In Oklahoma a lesbian couple divorced and an Oklahoma judge ordered the child’s birth certificate changed making the sperm donor the father on the birth certificate.
Lesbian Mom Removed From Child's Birth Certificate Fights Ruling
By Rachel Shatto
May 23, 2022
A lesbian mother in Oklahoma, amid a contentious divorce, is fighting to reverse a judge’s ruling that removed her name from her child’s birth certificate — a decision that could create a chilling precedent for same-sex parents ending their marriages.
Kris Williams and Rebekah Wilson were married in the summer of 2019, reports local news outlet KFOR. Shortly thereafter, the couple had a son via artificial insemination. While Wilson carried the child, Williams was there for the birth, cut the umbilical cord, and was listed on the birth certificate. The couple’s son was even named after a family member on Williams’s side.
The couple has since filed for divorce and Wilson petitioned the court to remove Williams’s name from the birth certificate. Judge Lynne McGuire subsequently ruled that Williams “failed to pursue a legal remedy to establish parental rights.” According to Judge McGuire, being on the birth certificate wasn’t enough; she should have also adopted her child.
First problem with the case.
“According to Judge McGuire, being on the birth certificate wasn’t enough; she should have also adopted her child.” Well married heterosexual couples of a child born when they used a sperm donor do not have to “adopt” the child. Under the law any child born of a legal married couples is not considered to be an adoption. But it is complicated by what state the court is in and also this does not affect their divorce, but only the custody of the child.
“I’ve never seen anything like this,” William’s attorney, Robyn Hopkins, told KFOR. “It’s not a question about what the divorce is. This isn’t about the divorce case at all. We’re not talking about assets. We’re not talking about marital property, separate property. We’re talking about the custody of a child that was born of that marriage.”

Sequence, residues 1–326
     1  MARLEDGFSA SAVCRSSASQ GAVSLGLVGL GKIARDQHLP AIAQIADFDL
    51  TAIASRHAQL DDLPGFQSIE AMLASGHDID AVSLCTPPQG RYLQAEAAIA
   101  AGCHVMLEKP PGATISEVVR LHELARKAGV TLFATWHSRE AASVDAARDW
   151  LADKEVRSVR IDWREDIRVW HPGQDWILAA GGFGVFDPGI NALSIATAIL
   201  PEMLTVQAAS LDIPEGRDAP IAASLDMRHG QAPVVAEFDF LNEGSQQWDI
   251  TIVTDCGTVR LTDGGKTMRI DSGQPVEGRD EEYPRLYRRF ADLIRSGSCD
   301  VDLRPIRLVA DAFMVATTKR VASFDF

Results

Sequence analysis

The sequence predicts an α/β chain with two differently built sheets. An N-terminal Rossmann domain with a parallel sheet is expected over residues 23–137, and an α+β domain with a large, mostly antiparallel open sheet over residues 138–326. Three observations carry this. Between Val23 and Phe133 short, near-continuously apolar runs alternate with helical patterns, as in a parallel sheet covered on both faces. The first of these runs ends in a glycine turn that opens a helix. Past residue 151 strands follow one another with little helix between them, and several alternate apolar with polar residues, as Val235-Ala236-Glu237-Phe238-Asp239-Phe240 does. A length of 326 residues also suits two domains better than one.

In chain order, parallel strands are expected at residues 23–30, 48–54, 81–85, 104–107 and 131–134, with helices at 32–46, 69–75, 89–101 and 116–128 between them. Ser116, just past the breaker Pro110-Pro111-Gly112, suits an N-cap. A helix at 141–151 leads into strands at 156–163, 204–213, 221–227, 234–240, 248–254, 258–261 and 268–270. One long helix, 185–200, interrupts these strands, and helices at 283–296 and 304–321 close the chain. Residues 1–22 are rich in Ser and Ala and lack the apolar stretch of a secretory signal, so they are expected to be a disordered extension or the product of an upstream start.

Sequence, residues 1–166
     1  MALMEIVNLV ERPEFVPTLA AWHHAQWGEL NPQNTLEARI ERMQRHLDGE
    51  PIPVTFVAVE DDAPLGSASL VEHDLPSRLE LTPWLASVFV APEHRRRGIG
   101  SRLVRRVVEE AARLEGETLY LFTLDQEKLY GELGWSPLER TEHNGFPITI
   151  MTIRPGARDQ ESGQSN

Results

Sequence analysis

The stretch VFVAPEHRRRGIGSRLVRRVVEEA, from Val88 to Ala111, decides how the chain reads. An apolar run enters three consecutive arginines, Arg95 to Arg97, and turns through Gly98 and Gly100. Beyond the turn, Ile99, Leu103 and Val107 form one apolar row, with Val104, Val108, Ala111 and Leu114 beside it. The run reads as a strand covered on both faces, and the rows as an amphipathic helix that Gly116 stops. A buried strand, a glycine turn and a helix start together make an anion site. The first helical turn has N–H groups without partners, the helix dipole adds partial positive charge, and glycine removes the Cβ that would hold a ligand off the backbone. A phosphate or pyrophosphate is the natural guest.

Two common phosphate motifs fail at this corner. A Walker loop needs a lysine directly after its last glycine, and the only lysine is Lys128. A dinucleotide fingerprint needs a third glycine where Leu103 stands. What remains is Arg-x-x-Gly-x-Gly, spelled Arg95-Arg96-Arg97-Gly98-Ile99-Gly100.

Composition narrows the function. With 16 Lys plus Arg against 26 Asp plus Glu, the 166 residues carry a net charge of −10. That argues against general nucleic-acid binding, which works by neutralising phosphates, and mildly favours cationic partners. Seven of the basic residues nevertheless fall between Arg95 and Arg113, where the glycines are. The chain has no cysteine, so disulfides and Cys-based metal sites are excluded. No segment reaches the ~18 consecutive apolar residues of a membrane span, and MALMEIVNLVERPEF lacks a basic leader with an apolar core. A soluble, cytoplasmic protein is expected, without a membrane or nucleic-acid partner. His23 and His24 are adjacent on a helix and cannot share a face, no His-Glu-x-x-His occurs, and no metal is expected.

Accord to the IRMS’ LGBTQ+ Reproductive Medicine in New Jersey…
The recent United States Supreme Court case of Pavan v. Smith, 582 U.S. – (2017) did not enhance the value of a birth certificate. In Pavan, two married same-sex female couples in Arkansas sued because the state refused to put both spouses’ names on the birth certificate. Arkansas alleged that its birth certificates are for collection of biological data, although it offered no proof that opposite-sex couples were required to submit proof of biology. The United States Supreme Court ruled that Arkansas was unconstitutionally discriminating against same-sex couples by denying them the same rights, responsibilities and benefits that married opposite-sex couples have pursuant to Obergefell v. Hodges, 576 U.S. 644 (2105).
The holding of Pavan means that every state is required to treat same-sex couples the same as they do different-sex couples and list both spouses in a marriage on the birth certificate at the time of birth. However, this decision did not elevate the value of a birth certificate to make it a confirmation of parental rights.
Hmm… so it looks like the Oklahoma judge may have overstepped his bounds and ignore the Supreme Court’s ruling. But hold on there is a monkey wrench in the ruling; “required to treat same-sex couples the same as they do different-sex couples” because some states require that the non-biological parent to adopt the child. I do not know if Oklahoma is one of those states and if it is the other parent must adopt the child which didn’t happen.
Some of the law sites that I looked up the question says it is suggested to also adopt the child as a safety precaution, the National Center for Lesbian Rights says,
Regardless of whether you are married or in a civil union or comprehensive domestic partnership, NCLR always encourages non-biological and non-adoptive parents to get an adoption or parentage judgment, even if you are named on your child’s birth certificate.
“The concern is if [Williams] loses, that’s going to set some pretty bad precedent in the state of Oklahoma, and possibly beyond,” Hanna Roberts, an attorney with the American Civil Liberties Union of Oklahoma, told The 19th. “I think that this is just the first time that there has been such an adverse ruling that is so contrary to equal protection. It’s gotten the attention because same-sex couples get divorced all the time.”
The organization intends to get involved if the case moves forward to the appellate court because of the possible wider implications of the ruling.
Once again, this case centers around parental rights and not the legitimacy of their marriage, and I do see this is going all the way to the Supreme Court.